It Ain’t Gonna be Ben’s Fed for Much Longer
Everyone is familiar with the fact that Federal Reserve Chairman Bernanke’s second term as Chairman is drawing to a close. Janet Yellen is widely expected to ultimately be confirmed by the Senate. What is less appreciated is that the Federal Reserve is on the cusp of what may prove to be among the broadest changes in its 100-year old history.
These wholesale changes are an under-appreciated reason that the Bernanke Fed is highly unlikely to announce a new initiative in its short remaining tenure. Indeed, that tenure may be shorter than recognized. The Democrats have a majority on the Senate Finance Committee which points to relatively easy approval. However, her candidacy will likely meet more resistance on the Senate floor, which the Democrats have a majority for final approval, but Republicans may have enough to draw out the process a little.
Yellen will likely get confirmed late this year or in early January. It makes no sense to have to Federal Reserve chairs and Bernanke will likely resign shortly after Yellen’s confirmation. This means that Yellen, not Bernanke, is likely to lead the Fed at the first meeting in 2014 held in late January. Despite concern in some quarters that Yellen is too dovish, we expect her to oversee the tapering of the long-term asset purchases at her second meeting, which would be in March.
In discussions contrasting the Federal Reserve with the European Central Bank, often the dual mandate or the emphasis on core inflation, are emphasized. Yet arguably a more important distinction is the organizational structure. The Federal Reserve has a strong central board and weak representation by the regional presidents. The ECB, in contrast, has a smaller, weaker central board, while the regional presidents are a majority.
There are seven members of Fed’s Board of Governors. It is there were widespread changes are likely in the coming months. Consider, first, that there are two vacancies on the Board at the moment. As Yellen is most likely to take Bernanke’s seat, Bernanke’s departure opens a third seat.
Another Governor’s term (Powell) term expires at the end of January. Often a governor will stay on until a replacement is confirmed. So while Powell may linger a bit, a replacement for him will eventually be made. Governor Stein is under pressure to return to his teaching post at Harvard, where he enjoys tenure. He may resign in the coming months.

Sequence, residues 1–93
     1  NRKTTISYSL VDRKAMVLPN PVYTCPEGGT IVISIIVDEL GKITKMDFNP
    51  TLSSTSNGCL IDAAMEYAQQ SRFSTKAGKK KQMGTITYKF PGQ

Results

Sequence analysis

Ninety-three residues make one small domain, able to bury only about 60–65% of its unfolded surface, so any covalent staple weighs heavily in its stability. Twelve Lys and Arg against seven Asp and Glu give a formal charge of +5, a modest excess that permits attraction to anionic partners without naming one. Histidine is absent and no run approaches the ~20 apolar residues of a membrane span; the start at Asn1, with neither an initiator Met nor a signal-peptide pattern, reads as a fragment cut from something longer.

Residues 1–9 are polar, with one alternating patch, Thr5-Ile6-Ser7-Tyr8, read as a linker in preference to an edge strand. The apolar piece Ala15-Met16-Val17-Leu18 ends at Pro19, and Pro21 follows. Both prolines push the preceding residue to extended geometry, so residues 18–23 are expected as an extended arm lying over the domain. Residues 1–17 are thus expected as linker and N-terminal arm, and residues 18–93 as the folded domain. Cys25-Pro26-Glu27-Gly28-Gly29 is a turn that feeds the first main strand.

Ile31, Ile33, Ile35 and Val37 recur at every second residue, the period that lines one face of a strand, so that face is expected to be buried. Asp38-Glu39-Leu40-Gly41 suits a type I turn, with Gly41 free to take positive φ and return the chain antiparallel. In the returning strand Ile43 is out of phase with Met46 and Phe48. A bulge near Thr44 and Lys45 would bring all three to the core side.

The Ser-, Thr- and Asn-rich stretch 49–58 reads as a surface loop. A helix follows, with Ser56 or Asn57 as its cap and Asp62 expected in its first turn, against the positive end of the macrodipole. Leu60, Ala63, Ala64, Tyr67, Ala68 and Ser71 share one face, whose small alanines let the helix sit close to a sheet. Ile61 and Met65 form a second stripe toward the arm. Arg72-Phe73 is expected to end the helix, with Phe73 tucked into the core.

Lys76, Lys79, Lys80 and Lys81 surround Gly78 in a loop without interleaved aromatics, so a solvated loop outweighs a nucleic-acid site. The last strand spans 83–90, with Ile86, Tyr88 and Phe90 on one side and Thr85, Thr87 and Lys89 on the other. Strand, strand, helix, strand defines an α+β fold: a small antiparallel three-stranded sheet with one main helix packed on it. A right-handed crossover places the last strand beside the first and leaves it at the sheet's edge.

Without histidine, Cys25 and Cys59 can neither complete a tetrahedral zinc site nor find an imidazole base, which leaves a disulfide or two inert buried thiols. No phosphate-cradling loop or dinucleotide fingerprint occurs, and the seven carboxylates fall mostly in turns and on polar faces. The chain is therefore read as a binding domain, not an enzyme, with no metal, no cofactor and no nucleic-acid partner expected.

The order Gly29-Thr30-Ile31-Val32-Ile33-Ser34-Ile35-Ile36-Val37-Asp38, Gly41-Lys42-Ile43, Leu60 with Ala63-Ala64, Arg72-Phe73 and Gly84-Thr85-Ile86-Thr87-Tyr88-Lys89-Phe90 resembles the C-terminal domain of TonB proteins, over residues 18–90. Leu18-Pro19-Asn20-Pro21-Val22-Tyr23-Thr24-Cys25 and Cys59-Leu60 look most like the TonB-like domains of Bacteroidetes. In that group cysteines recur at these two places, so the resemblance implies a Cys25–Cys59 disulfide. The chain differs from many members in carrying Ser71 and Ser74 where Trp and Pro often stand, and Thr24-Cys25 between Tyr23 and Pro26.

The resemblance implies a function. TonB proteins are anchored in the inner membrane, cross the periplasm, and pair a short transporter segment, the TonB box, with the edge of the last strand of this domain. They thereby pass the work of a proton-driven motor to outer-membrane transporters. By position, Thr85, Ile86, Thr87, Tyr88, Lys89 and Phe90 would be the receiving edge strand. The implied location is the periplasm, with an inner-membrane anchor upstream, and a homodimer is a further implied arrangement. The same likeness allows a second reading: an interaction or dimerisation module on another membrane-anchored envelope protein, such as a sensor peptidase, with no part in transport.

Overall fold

Finally, there are reports that suggest that Governor Tarullo and Yellen have a strained relationship. There is some suggestion that Tarullo may also step down. What this means is that of there could be 5-6 new people on the Federal Reserve’s Board of Governors in the period ahead.
In addition to these personnel changes, Dodd-Frank requires that a second vice chairman is named, to oversee the Federal Reserve’s regulatory responsibilities. This indicates that not only will the Board of Governor see dramatic changes, but so will the leadership and structure of the Board of Governors.
As far as we can tell, these sweeping changes are unprecedented. From a macro-economic point of view, and given that the first tapering is likely to be relatively small, say $10 bln, a few months one way or the other, makes little difference.
However, from an institutional point of view, there is little to be gained from Bernanke overseeing the tapering. Indeed, it arguably does more harm than good. It reduces rather than increases the freedom and flexibility of the next Federal Reserve. Moreover, it denies the next Fed of the opportunity to establish anti-inflation credentials and demonstrate its gravitas.
When coupled with the core PCE deflator showing little sign, if any, of moving back toward the Fed’s 2% target; the prospects of more sequester-driven government spending cuts; and possibly another cut in the Fed’s growth forecasts at the December FOMC meeting, these institutional considerations appear to all but rule out tapering while Bernanke is Chairman of the Federal Reserve, despite the better than expected establishment survey of the October jobs report and the inventory accumulation that bolstered the initial Q3 GDP estimate.